QUESTION: I have a policy of charging new tenants a security deposit equal to one month’s rent. If a tenant has children, I add $50 extra per child to the security deposit since kids usually cause more damage than normal. Is this legal?
ANSWER: No. A landlord cannot require a higher security deposit or damage deposit from people who have minor children than from people without minor children. According to the California Supreme Court in Wolfson and the Federal Fair Housing Law amended in 1988, it is unlawful to set deposits based on the stereotype that children as a class cause more damage to property than others.
QUESTION: I have a two-story apartment building and I don’t rent apartments above the first floor to people with small children. I’m afraid that small children could fall off the balcony and I may get sued. Is this legal?
ANSWER: No. You cannot deny someone the opportunity to rent a unit just because they have children.
QUESTION: The apartment building I own is in an area where most people speak Spanish. Is it legal to place a “For Rent” sign in the front of the building that’s only in Spanish?
ANSWER: No. If you advertise your vacancy in Spanish, you must also advertise it in English.
QUESTION: I recently placed an advertisement for a vacant unit that read “A great building for single professionals.” Was this legal?
ANSWER: It is illegal to advertise in a manner that states or suggests a preference. The advertisement you placed discourages families with children from applying to rent your vacant unit. It also discourages married couples and partnered couples from applying for your vacant unit.
QUESTION: I recently found out that the on-site manager of the building I own has been harassing the female tenants. Am I legally liable for this?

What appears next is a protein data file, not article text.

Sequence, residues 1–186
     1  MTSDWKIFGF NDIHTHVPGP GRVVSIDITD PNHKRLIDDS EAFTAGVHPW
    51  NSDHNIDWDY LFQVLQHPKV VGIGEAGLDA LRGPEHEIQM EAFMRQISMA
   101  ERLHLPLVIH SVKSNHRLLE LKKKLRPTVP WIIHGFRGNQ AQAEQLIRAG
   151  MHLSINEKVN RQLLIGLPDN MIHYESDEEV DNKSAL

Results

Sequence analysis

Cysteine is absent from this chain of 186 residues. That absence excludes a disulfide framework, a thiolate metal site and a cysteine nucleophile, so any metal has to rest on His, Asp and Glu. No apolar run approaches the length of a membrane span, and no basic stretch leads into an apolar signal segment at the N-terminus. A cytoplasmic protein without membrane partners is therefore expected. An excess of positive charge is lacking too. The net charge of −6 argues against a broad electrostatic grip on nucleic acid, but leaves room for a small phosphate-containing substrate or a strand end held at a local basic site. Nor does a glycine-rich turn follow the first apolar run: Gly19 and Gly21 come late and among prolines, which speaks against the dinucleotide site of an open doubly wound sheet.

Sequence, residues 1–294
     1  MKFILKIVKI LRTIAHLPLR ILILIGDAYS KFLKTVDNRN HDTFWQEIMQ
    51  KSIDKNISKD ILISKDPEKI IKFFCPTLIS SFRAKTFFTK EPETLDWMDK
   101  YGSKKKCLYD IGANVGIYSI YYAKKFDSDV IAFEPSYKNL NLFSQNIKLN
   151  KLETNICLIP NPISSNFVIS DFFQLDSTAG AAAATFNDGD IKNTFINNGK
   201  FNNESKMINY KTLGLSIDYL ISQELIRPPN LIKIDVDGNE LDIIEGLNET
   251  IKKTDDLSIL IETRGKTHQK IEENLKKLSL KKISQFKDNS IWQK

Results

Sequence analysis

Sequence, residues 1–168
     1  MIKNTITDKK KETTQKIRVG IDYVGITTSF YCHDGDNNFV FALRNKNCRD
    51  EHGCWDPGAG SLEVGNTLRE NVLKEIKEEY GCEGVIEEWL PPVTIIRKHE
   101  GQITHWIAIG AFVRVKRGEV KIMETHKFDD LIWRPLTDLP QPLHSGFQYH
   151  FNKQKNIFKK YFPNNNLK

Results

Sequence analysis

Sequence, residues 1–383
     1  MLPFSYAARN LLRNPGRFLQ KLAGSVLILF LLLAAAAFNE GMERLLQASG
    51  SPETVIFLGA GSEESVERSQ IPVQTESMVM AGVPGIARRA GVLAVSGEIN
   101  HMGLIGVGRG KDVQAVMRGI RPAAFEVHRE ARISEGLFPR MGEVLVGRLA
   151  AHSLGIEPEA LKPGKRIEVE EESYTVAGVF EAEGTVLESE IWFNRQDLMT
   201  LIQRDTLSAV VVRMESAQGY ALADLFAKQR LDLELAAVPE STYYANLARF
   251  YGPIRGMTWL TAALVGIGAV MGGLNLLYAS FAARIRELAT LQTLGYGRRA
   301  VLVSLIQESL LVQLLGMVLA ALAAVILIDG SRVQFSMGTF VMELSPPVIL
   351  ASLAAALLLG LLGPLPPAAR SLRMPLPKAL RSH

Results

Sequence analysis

ANSWER: Yes. As the owner of the building, you are legally responsible for the actions of your management personnel, maintenance staff, and any other agents you employ. Under both federal and state fair housing laws, sexual harassment of tenants is illegal.
QUESTION: A disabled tenant at one of my apartment buildings wants to install a ramp. Do I have to let her do this?
ANSWER: Under the fair housing laws, a disabled tenant can request a reasonable modification, which is a change in the physical structure of a building. If the modification is required to give the disabled tenant full use and enjoyment of her unit, then you must grant the request. However, in most cases the tenant is responsible to cover the cost of the modification.
QUESTION: I recently rented a unit to someone who had some problems with his credit report. I had a second applicant with better credit, but I really liked the first applicant because we had a great conversation about sports. Did I make the right decision?
ANSWER: As a landlord, it is extremely important that you apply your rental policies and standards in an equal manner. If you have a policy of renting to the applicant with the best credit, then you should follow this policy at all times. Avoid making exceptions to the rule. It could come back to haunt you if the exception you make favors one group over another.
QUESTION: I have a “No Pets” policy at all the apartment buildings I own. I recently had a visually impaired tenant who needed a seeing eye dog apply for a unit. I turned her away because we do not allow pets. Was this legal?
ANSWER: No. If a disabled tenant requires the use of a service animal then you must grant her an exemption to the “No Pet” policy. The tenant’s use and enjoyment of her home would clearly be adversely affected if she wasn’t allowed to have her seeing-eye dog. However, this does not mean that your “No Pet” policy must be suspended for your non-disabled tenants.
QUESTION: Last month, one of my tenants had his girlfriend move into his apartment. I gave them notice that I was going to add $50 to their monthly rent. Is that legal?
ANSWER: Yes. If the total number of occupants increases or exceeds the number originally agreed upon in the rental or lease agreement, a landlord may charge reasonable additional rent (often referred to as a surcharge), depending on the circumstances. This would be dependant on applicable rent control ordinances. Most important is the intent behind the surcharge, and that it be tied in a reasonable way to the additional use of utilities and other services.
QUESTION: I just received a rental application for a two-bedroom unit from a family of four: two adults and two children. One of the children is a boy and the other is a girl. I turned them down because I think the children should each have a separate room since they are different sexes. Was that legal?
ANSWER: No. You cannot require that children of opposite sexes have separate bedrooms. These decisions are within the parents’ control and not the landlord’s.